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How to use compound interest to your financial advantage

February 4, 2013

Times are hard for ordinary, hard-working people in the UK at the moment. High unemployment, stagnant wages and rising inflation are having profound effects on families all over the country. While low interest rates are good for borrowers, your savings could be diminishing if the interest rate you are receiving is lower than inflation. However, getting your head around the issue of compound interest could allow you to better arrange your financial affairs, and that can put more money in your pocket every month.

What is Compound Interest?

The mere mention of compound interest has many people running to the nearest accountant for advice, but the basic principles are very simple. A capital investment – in most cases your savings – attracts interest. A bank or financial institution uses your money to invest, and the interest is your cut of the profit it makes. The following year, interest is paid on the initial capital investment – as well as the first year’s interest. Plainly speaking, compound interest involves earning interest on your interest. A snowball effect quickly becomes apparent, as each year brings a new interest payment.

How Can I Make Compound Interest Work for Me?

Protect Yourself from the Banks! Compound interest can be used against you. Wherever possible, credit cards should bills should be paid in full every month – otherwise you could be at the other end of the compound interest miracle. It is not unusual for people to become embroiled in a spiral of debt by failing to clear debts as quickly as possible.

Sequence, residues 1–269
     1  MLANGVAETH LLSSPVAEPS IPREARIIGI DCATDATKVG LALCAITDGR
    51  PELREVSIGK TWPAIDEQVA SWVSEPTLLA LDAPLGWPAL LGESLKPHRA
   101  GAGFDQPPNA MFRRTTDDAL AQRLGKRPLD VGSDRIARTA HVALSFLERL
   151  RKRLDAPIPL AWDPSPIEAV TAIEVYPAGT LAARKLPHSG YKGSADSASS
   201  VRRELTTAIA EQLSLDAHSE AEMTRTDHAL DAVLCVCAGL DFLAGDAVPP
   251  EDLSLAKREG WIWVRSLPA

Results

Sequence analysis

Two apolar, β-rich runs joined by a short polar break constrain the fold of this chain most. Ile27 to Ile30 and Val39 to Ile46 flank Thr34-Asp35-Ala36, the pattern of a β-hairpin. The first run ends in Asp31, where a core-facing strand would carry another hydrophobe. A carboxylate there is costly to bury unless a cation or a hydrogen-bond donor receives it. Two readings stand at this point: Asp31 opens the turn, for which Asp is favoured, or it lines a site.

Start Investing at a Young Age

The more years you save or invest, the more times compound interest will take effect. Unfortunately, far too many people wait until they are in their forties before beginning to save or invest for their future. You must keep your long-term goals in mind; paying into an investment fund may be painful when the results are four decades away, but the rewards make the sacrifice worth it. Compound interest works for you; by making an initial capital investment, you are guaranteed progressively higher rewards for as long as your investment exists. What’s more, you can add to your capital outlay over time, and that can really accelerate your financial well-being.

Fight for Every Percentage Point

A great example of the power of compound interest can be found by examining the purchase of Manhattan Island for goods to the value of around $16 in 1626. Had those native Americans invested that money into a Dutch savings bank with an annual interest rate of 6.5%, they would have been sitting on an eye-watering $1 trillion in 2005 – enough money to buy all the real estate in the five boroughs of New York City. However, had the native Americans settled for an interest rate of 6%, their nest-egg would be a mere $150 billion – hardly enough money to buy the borough of Queens!

Don’t be a Frog!

Albert Einstein once said: “Compound interest is the eighth wonder of the world. He who understands it, earns it… he who doesn’t, pays it.” Einstein couldn’t have stated the case more eloquently. An ancient proverb tells the tale of a frog that is relaxing in warm water. Although the temperature of the water is gradually increasing, the increases are small, and the frog adjusts. However, once a certain temperature has been reached, the frog is boiled to death. Millions of people in the UK are guilty of acting like the proverbial frog. They are sitting on investments or debt that are gradually causing harm to their finances; and like the frog, they won’t realise the significance of these subtle changes until it is too late to do anything about them. You must take control of your finances to make sure that compound interest puts money in your pocket – instead of bleeding you dry!

References

http://www.goodreads.com/quotes/76863-compound-interest-is-the-eighth-wonder-of-the-world-he
http://www.worldfinancialblog.com/investing/the-magic-of-compound-interest/
https://www.khanacademy.org/science/core-finance/interest-tutorial/compound-interest-tutorial/v/introduction-to-compound-interest
http://www.savingadvice.com/articles/2006/01/15/10341_compound-interest-manhattan-the-indians.html
http://en.wikipedia.org/wiki/Boiling_frog

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